Reunited 2008 travel blog

Bayeux, Musee de la Reine Mathilde

Bayeux, Musee de la Reine Mathilde


From the coastline, we dropped down to Bayeux, specifically to see the famous Bayeux Tapestry at the Musee de la Reine Mathilde where it is dramatically displayed. This large embroidery tells the story of the Norman Conquest of England in 1066 and this medieval Tapestry [Tapisserie de la Reine Mathilde] is probably the world’s most famous embroidery.

The following is quoted from literature provided by the museum. "It is remarkable both as a source of 11th century history and as a work of art. It is an invaluable historical representation of the arms, costumes, manners and ships used by the Normans prior to the invasion of England."

"The Tapestry stretches 231 feet long and is 19.5 inches wide. It was made of a seamless strip of linen, embroidered with eight colors of woolen thread. It is a needlework panorama of 72 individual scenes, and 1512 figures, with identifying Latin inscriptions, of the Norman Conquest. It tells of Harold’s failure to honor the oath, he gave at Bayeux recognizing his cousin William’s right to succeed Edward the Confessor, and the consequences that followed. The borders are decorated with animals and scenes taken from fables. It was probably made in England soon after the conquest. But, it wasn’t displayed in public until about 1476, when it decorated the nave of the Bayeux Cathedral."

"Some believe that the tapestry was the work of William the Conqueror’s wife Matilda of Flanders. However, her involvement with the Tapestry is currently in doubt. Others believe that it was commissioned by Odo, the bishop of Bayeux and a half brother of William the Conqueror. Odo is depicted in some of the later scenes. The work is dated no later than 1092."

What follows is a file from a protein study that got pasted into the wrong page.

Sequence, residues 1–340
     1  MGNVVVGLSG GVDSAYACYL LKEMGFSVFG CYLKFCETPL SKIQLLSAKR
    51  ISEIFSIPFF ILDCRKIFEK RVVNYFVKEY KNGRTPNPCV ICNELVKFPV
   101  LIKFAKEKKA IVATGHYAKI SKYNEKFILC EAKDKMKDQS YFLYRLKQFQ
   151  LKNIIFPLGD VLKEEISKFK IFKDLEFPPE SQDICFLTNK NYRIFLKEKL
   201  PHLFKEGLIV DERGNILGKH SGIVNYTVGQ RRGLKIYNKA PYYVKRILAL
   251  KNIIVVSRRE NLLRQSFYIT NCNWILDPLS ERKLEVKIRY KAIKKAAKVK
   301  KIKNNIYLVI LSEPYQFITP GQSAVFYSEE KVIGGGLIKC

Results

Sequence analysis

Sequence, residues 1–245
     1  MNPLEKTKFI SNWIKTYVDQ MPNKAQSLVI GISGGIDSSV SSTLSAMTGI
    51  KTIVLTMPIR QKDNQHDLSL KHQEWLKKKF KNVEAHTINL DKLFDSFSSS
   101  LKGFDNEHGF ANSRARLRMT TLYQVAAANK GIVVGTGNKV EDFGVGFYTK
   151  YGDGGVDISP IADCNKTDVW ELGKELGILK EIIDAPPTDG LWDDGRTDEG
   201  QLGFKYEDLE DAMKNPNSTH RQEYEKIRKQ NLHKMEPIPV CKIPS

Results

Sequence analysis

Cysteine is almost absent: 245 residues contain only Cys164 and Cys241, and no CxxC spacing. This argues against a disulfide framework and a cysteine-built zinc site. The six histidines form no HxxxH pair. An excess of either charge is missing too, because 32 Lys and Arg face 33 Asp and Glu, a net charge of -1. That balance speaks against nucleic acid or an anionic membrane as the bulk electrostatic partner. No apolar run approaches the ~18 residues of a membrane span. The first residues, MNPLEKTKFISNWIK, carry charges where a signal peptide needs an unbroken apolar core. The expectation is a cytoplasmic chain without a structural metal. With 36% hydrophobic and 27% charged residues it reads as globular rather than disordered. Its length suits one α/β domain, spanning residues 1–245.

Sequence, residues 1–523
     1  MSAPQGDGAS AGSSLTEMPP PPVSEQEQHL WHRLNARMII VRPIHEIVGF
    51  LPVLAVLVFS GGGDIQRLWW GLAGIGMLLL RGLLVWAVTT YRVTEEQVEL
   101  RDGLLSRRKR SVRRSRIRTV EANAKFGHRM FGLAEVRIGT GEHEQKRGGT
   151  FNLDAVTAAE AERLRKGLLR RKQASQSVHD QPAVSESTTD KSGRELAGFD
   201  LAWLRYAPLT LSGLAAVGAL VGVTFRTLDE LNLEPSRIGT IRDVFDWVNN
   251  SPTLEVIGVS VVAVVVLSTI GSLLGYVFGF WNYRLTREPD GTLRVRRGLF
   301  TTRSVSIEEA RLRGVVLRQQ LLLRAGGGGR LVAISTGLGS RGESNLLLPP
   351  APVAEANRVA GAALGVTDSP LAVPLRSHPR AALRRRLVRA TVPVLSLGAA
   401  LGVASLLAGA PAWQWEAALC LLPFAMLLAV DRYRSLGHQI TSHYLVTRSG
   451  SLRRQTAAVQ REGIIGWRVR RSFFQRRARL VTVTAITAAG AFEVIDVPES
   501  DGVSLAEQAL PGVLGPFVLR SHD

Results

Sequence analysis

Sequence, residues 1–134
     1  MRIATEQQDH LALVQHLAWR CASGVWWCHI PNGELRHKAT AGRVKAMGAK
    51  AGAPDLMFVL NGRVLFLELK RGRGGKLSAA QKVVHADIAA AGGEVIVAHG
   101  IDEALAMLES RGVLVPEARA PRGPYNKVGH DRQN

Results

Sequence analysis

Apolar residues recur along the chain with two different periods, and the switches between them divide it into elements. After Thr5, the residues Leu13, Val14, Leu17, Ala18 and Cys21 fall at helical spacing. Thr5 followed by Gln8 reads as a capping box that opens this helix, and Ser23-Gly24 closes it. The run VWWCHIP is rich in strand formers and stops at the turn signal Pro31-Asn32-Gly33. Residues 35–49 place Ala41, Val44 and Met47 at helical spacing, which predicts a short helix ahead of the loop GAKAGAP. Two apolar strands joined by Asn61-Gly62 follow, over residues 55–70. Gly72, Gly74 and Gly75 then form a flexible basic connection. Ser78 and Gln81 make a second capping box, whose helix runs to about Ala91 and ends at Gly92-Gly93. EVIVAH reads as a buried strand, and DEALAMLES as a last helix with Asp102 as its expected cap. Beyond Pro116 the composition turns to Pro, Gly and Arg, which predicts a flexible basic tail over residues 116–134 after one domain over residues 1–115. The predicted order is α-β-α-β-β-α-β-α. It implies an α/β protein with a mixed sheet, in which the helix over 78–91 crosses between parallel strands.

To get to this museum, you will have to negotiate a series of one way streets, taking you past the Bayeux Cathedral that towers over the town. Apparently, this town was left largely intact during the D-Day invasions and General De Gaulle, himself, arrived here after returning to France. At any rate, have a good map and be patient when trying to find the museum; however, it is well worth the trip to see this marvelous presentation of the tapestry in a darkened room with hand-held museum guides available in English. If you don't pick one up, you'll never understand what the tapestry means since the guide takes you through each section and the meaning of the scenes. This visit was even appealing to Scott, who is not normally interested in this type of venue. Good gift shop at the end........not your normal junk seen in a lot of touristy areas.

Now on to D'Aromanches for a brief stop and then on to Caen where we will spend the night.



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